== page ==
The Firth River Valley
An ancient, gentle landscape, untouched by the overpowering forces of glaciation. Since the British Mountains arose in the Tertiary Period, only erosion has shaped the rounded summits and smooth slopes, broad flood plains, and fluvial and bedrock terraces.
Parks describes the Firth in terms of four regions. The first, which we did not visit, is the Aufeis Reach which provides much of the flow in the river in summer. Aufeis is water that trickles up from the ground and freezes in layers. We would see a lot of it further downstream, but we landed in the Mountain Reach where it had all melted.
First camp near Margaret Lake, and an introduction to Firth weather
The terrain throughout the Firth makes for easy hiking, but because the river changes course from year to year, it may not be possible to repeat a hike you did on an earlier trip.
My favourite hike. Note the flood plain and the winding course of the river.
An easy trek into the unknown.
The landscape is perhaps more dramatic in its history than visually. Over the millennia, rain, wind, freeze-thaw, and gravity have weathered the slopes, exposing the bedrock and moving bits of it downhill to form bedrock terraces, just as the river, in cutting through the earth, has left behind fluvial terraces.
Erosion at work
Compare a typical scene from the Canadian Rockies.
View from Deception Pass, Skoki Valley trail.
The Rockies are much older than the British Mountains, but because of recent glaciation, erosion has had little time to wear down the rock. Note also the hanging valleys, some of which still hold glaciers.
Another feature which one does not see in glaciated mountains is tors, which are rocky outcroppings on lower slopes and ridges.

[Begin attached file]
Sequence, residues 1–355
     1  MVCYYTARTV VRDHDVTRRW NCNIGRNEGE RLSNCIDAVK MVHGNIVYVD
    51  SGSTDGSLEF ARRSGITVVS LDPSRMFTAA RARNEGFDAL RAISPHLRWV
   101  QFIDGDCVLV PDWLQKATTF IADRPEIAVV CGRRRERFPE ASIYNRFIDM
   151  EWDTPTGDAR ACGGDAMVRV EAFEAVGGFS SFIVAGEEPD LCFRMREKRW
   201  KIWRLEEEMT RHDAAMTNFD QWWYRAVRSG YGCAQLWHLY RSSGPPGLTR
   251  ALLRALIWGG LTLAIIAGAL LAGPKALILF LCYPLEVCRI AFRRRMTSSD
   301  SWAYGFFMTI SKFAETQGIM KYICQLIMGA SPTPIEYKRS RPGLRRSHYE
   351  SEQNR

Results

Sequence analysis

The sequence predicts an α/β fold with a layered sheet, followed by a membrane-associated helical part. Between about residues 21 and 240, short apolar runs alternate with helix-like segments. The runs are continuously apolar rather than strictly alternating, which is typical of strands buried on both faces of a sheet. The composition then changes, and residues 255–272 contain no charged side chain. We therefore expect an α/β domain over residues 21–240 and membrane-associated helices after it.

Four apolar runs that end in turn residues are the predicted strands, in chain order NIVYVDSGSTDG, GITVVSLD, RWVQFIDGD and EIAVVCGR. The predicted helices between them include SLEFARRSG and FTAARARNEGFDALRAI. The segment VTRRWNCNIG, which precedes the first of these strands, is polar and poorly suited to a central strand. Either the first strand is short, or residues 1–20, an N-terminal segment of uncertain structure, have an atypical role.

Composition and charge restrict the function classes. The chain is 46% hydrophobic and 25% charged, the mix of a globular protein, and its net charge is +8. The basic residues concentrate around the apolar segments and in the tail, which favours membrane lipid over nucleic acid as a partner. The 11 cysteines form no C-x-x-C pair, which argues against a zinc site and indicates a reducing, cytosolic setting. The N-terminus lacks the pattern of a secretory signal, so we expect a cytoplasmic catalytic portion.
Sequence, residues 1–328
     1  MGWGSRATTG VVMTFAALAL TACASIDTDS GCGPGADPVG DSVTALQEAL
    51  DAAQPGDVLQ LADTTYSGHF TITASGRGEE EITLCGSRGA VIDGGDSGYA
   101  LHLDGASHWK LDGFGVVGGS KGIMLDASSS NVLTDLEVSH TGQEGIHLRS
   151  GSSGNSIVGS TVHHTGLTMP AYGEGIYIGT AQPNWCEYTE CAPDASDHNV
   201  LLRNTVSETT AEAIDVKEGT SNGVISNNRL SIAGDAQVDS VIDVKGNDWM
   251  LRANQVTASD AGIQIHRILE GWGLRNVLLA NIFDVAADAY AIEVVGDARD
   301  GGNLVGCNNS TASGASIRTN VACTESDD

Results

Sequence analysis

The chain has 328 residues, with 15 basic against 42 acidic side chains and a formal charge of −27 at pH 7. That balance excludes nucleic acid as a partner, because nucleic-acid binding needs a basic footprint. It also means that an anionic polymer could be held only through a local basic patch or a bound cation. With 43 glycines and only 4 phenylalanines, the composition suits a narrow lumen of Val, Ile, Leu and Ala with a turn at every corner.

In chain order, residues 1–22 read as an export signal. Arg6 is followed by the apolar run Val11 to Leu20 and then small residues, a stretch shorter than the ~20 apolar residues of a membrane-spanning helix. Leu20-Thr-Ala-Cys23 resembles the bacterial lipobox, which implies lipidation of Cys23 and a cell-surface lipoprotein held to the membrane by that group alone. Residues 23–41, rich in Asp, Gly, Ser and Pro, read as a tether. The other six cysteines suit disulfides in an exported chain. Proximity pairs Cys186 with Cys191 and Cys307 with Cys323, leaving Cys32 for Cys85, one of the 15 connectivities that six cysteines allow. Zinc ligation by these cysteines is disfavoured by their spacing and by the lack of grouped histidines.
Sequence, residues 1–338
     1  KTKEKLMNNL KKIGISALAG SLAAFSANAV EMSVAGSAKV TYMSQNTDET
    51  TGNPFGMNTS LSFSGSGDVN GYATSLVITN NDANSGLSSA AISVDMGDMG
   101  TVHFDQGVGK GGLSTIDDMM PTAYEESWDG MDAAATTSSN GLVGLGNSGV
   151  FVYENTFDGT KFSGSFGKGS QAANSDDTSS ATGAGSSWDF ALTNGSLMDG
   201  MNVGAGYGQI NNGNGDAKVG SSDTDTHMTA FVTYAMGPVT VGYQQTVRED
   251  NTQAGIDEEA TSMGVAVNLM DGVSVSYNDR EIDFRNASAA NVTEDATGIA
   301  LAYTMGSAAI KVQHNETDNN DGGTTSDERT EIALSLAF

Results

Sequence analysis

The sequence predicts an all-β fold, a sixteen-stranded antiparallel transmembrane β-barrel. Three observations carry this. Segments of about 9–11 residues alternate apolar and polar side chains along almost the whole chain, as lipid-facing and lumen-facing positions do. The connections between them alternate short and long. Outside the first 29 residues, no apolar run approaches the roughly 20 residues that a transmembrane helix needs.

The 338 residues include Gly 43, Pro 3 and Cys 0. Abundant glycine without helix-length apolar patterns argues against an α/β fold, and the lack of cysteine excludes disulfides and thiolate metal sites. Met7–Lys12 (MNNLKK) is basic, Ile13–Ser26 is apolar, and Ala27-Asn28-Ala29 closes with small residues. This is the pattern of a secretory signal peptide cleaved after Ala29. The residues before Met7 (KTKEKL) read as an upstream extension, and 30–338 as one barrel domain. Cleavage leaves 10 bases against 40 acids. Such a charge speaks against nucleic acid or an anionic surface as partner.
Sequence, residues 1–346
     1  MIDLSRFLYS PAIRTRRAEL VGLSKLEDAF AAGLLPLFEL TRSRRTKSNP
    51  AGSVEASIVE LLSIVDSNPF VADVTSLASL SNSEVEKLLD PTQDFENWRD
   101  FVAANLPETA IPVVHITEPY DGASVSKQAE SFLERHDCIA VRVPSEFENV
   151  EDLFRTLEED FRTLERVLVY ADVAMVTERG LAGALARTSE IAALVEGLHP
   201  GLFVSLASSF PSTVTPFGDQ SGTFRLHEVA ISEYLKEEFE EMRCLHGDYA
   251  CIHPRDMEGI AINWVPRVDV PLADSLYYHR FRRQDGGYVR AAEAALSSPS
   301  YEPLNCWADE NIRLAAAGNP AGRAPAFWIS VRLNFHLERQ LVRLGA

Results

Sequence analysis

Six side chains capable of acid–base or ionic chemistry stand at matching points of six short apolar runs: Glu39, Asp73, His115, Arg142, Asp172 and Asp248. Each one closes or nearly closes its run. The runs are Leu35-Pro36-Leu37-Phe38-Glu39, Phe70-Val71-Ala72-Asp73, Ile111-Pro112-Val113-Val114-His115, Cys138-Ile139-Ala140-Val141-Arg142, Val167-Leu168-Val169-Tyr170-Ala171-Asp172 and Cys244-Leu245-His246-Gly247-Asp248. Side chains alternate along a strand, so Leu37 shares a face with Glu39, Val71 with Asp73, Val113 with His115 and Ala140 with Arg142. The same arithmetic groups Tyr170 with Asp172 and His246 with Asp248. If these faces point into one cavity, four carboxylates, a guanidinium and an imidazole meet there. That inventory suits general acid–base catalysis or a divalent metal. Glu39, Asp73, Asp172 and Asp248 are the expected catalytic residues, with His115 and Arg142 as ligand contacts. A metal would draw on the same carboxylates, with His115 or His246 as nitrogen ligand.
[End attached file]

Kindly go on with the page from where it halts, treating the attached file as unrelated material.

Approaching Wolf Tors campsite. Yes, there are rapids on the Firth! These are mild.
Life on the river can be lazy and comfortable or absolutely miserable, depending on what the weather gods dictate.
Short break for fishing.
Campsites are wherever you want to put in and are generally welcoming and scenic.
Home for the night.
Gravel, but it’s flat and makes good tent sites.
Puerto Vallarta North
Every party camps at Wolf Tors and on each of my trips we have spent two nights there.
Camp at Wolf Tors. There are multiple terraces to choose from, depending on how far you want to carry your gear.
Detail of tors at Wolf Tors. This was on my first trip and the weather was sunny.
Of course, the Firth has moods. On my third trip we were less fortunate.
Snow and my tent at Wolf Tors camp
One day, I may do a post on the travels of my little Hilleberg Jannu tent. It’s been through a lot and has never failed me.
After Wolf Tors, we entered the Canyon Reach and some exciting rapids. That’s for the next post.